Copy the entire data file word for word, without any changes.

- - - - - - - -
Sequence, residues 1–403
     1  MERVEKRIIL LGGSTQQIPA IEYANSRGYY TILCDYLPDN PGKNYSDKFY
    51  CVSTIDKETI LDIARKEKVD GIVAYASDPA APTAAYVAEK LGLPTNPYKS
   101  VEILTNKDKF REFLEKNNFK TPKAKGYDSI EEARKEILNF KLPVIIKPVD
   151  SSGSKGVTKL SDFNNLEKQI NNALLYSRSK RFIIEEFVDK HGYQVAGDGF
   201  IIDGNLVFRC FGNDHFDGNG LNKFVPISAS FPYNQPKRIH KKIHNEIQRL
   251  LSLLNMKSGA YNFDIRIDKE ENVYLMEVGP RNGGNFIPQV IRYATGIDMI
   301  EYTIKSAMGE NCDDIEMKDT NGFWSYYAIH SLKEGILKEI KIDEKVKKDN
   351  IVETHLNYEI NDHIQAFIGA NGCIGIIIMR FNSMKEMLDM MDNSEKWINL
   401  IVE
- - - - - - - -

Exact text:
Sequence, residues 1–403
     1  MERVEKRIIL LGGSTQQIPA IEYANSRGYY TILCDYLPDN PGKNYSDKFY
    51  CVSTIDKETI LDIARKEKVD GIVAYASDPA APTAAYVAEK LGLPTNPYKS
   101  VEILTNKDKF REFLEKNNFK TPKAKGYDSI EEARKEILNF KLPVIIKPVD
   151  SSGSKGVTKL SDFNNLEKQI NNALLYSRSK RFIIEEFVDK HGYQVAGDGF
   201  IIDGNLVFRC FGNDHFDGNG LNKFVPISAS FPYNQPKRIH KKIHNEIQRL
   251  LSLLNMKSGA YNFDIRIDKE ENVYLMEVGP RNGGNFIPQV IRYATGIDMI
   301  EYTIKSAMGE NCDDIEMKDT NGFWSYYAIH SLKEGILKEI KIDEKVKKDN
   351  IVETHLNYEI NDHIQAFIGA NGCIGIIIMR FNSMKEMLDM MDNSEKWINL
   401  IVE